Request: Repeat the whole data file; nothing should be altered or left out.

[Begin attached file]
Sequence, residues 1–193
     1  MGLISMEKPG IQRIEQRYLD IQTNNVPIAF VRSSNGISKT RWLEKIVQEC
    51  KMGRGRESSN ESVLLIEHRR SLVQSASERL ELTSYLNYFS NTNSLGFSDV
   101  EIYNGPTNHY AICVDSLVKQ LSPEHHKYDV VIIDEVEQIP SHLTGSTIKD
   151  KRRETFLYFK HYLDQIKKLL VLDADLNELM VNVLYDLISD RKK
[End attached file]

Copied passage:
Sequence, residues 1–193
     1  MGLISMEKPG IQRIEQRYLD IQTNNVPIAF VRSSNGISKT RWLEKIVQEC
    51  KMGRGRESSN ESVLLIEHRR SLVQSASERL ELTSYLNYFS NTNSLGFSDV
   101  EIYNGPTNHY AICVDSLVKQ LSPEHHKYDV VIIDEVEQIP SHLTGSTIKD
   151  KRRETFLYFK HYLDQIKKLL VLDADLNELM VNVLYDLISD RKK